4

After some research and reading this post, I see where my problem was: I was introducing a full consecutive batch of experiences, selected randomly, yes, but the experiences in the batch were consecutives. After redoing my experience selection method, my DQN is actually working and has reached about +200 points after 400000 experiences (about 500 episodes; ...


4

I think this was just a "clever" design choice. You can actually design a neural network (NN), to represent your Q function, which receives as input the state and an action and outputs the corresponding Q value. However, to obtain $\max_aQ(s', a)$ (which is a term of the update rule of the Q-learning algorithm) you would need a "forward pass" of this network ...


4

The simplest thing to do when you make you first implementation of the agent, is to automate decisions like this, in order to keep representations and decisions simple. However, if you want to explore tactics surrounding declaration, then I think the following applies: There should be an initial round of actions where the agent may get to decide whether or ...


4

In a two player zero-sum game (if I win, you lose and vice-versa), then you can have a simple and efficient solution learning from self-play. How should an opponent be implemented to get good and fast improvements? You don't need to think in terms of agent vs opponent, instead think in terms of coding both the players' goals into a single Q function. ...


4

In some cases we may wish to have a discount factor $\gamma_t$ which depends on time $t$ (or depends on state $s_t$ and/or action $a_t$, leading to an indirect dependence on time $t$). Indeed we do not usually do this, but it does happen sometimes. I guess that, from a theoretical point of view, it was very easy of the authors to make their algorithm more ...


4

We can't say for sure which approach would work best in the general case. If you have domain knowledge, you can make a better guess. You'll basically want to answer the question: which information is important for learning an optimal policy? In my environment, I have, for each pixel, 5 possible channels, which are represented in black, white, blue, red, and ...


4

This is mostly because humans already have information when they start learning the game (priors) that makes them learn it more quickly. We already know to jump on monsters or avoid them or to get gold looking object. When you remove these priors you can see a human is worse at learning these games. (link) Some experiments they tried in the study to ...


4

For the programming part I suggest this YouTube channel by Phil Tabor (he also has a website: neuralnet.ai. I found his videos really useful while I was attending reinforcement learning classes at the uni. He covers basic algorithms like value iteration and policy iteration and also more advanced like deep q learning, covering all main python libraries (...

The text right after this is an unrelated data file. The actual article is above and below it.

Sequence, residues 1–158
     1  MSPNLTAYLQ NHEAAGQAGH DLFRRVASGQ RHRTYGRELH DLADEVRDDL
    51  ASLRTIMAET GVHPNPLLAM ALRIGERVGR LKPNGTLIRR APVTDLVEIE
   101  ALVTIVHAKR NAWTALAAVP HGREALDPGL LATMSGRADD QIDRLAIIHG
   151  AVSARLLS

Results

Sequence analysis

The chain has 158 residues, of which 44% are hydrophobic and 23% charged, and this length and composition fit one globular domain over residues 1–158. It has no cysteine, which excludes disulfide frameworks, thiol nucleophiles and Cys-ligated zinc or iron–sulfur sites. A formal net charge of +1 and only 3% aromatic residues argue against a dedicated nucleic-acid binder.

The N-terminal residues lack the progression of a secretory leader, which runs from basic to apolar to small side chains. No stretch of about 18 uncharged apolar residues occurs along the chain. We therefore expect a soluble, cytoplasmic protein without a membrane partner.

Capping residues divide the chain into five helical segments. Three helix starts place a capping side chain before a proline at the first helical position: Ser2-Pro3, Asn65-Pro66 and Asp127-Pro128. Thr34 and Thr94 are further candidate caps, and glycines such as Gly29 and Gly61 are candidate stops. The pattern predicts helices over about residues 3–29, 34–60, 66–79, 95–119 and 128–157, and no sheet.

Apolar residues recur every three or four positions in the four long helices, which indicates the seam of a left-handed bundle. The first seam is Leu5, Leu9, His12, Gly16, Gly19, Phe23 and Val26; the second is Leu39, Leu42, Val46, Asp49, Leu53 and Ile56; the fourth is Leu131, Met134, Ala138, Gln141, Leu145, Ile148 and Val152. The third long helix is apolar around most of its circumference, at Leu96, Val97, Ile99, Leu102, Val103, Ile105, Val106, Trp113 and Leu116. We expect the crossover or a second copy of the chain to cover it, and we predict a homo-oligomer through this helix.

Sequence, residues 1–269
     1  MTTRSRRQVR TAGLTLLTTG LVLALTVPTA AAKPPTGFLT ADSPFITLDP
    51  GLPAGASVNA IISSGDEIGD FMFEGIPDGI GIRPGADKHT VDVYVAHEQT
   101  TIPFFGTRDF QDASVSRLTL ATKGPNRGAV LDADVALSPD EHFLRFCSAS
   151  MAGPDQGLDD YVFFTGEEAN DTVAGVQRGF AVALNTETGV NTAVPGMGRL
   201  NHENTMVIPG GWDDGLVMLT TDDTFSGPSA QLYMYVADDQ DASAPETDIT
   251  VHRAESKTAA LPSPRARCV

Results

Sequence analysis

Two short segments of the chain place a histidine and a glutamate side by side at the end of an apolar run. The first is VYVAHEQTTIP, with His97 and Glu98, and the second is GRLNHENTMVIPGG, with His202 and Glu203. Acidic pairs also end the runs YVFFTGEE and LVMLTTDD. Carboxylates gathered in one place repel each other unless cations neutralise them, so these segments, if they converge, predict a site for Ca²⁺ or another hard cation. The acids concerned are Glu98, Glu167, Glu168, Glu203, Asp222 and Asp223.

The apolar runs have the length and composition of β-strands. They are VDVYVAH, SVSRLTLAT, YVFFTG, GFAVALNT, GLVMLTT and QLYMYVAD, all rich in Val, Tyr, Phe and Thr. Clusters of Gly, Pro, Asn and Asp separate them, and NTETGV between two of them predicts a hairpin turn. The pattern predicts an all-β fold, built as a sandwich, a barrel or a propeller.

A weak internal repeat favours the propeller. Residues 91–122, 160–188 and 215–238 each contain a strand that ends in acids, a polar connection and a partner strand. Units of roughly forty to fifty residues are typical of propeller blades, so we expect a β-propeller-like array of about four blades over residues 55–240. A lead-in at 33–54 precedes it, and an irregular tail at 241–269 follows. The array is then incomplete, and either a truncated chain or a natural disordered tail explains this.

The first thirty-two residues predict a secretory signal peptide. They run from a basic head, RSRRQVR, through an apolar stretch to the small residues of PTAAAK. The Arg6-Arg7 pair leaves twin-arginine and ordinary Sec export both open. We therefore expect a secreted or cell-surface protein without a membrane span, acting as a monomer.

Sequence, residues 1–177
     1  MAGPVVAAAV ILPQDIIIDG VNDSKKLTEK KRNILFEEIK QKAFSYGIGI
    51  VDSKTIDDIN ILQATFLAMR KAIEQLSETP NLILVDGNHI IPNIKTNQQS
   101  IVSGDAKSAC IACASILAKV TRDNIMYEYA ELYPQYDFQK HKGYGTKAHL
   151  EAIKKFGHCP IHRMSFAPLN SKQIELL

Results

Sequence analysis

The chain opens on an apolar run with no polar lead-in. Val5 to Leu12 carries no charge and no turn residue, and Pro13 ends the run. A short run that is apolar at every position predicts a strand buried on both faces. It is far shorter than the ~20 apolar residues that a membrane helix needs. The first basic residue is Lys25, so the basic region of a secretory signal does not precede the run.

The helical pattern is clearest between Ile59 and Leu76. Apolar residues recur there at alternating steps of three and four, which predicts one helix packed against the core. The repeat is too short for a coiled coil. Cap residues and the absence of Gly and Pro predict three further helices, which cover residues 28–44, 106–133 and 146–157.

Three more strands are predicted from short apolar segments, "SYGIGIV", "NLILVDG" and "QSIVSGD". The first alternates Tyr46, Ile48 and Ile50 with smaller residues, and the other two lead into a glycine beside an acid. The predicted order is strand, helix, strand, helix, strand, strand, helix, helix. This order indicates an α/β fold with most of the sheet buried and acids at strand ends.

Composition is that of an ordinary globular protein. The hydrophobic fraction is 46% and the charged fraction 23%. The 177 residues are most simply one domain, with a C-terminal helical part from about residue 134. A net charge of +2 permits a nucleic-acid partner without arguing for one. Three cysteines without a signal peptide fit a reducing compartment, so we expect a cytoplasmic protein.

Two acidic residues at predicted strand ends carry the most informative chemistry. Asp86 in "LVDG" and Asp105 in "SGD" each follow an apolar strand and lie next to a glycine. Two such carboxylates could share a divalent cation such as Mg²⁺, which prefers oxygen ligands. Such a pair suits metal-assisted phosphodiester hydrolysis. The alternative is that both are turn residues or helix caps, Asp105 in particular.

4

Dueling-DQN has different network architecture comparing to vanilla DQN, so I don't think your version will work as well as the Dueling architecture. From Wang et al., 2016, Dueling Network Architectures for Deep Reinforcement Learning On the other hand, since we only have the target Q-value, separating the Q-value into state value and advantage result ...


4

When training a Deep Q network with experienced replay, you accumulate what is known as training experiences $e_t = (s_t, a_t, r_t, s_{t+1})$. You then sample a batch of such experiences and for each sample you do the following. Feed $s_t$ into the network to get $Q(s,a;\theta)$. Feed $s_{t+1}$ into the network to get $Q(s’,a’,\theta)$. Choose $max_aQ(s’,a’,...


4

The update form $\theta^{\prime} \leftarrow \tau \theta+(1-\tau) \theta^{\prime}$ (where $\theta'$ and $\theta$ represent the weights of the target network and the current network, respectively) does exist and is correct. It is called soft update and it has been used in the Deep Deterministic Policy Gradient (DDPG) paper, which uses the concept of a target ...


4

MDPs are strict generalisations of contextual bandits, adding time steps and state transitions, plus the concept of return as a measure of agent performance. Therefore, methods used in RL to solve MDPs will work to solve contextual bandits. You can either treat a contextual bandit as a series of 1-step episodes (with start state chosen randomly), or as a ...


4

DQN on the other hand, explores using epsilon greedy exploration. Either selecting the best action or a random action. This is a very common choice, because it is simple to implement and quite robust. However, it is not a requirement of DQN. You can use other action choice mechanisms, provided all choices are covered with a non-zero probability of being ...


4

Q-learning is said to be "model-free". Given the two examples above, is it because neither the lake's topology nor that of the mountain are changed by the actions taken? No. That's not why Q-learning is model-free. Q-learning assumes that the underlying environment (FrozenLake or MountainCar, for example) can be modelled as a Markov decision ...


4

I don't think that (at least from a practical standpoint), there is much difference between continuous action space and discrete action space with >2k discrete actions. Quoting the "Continuous control with Deep RL" paper - which I'd recommend as a starting point for your investigation: An obvious approach to adapting deep reinforcement learning ...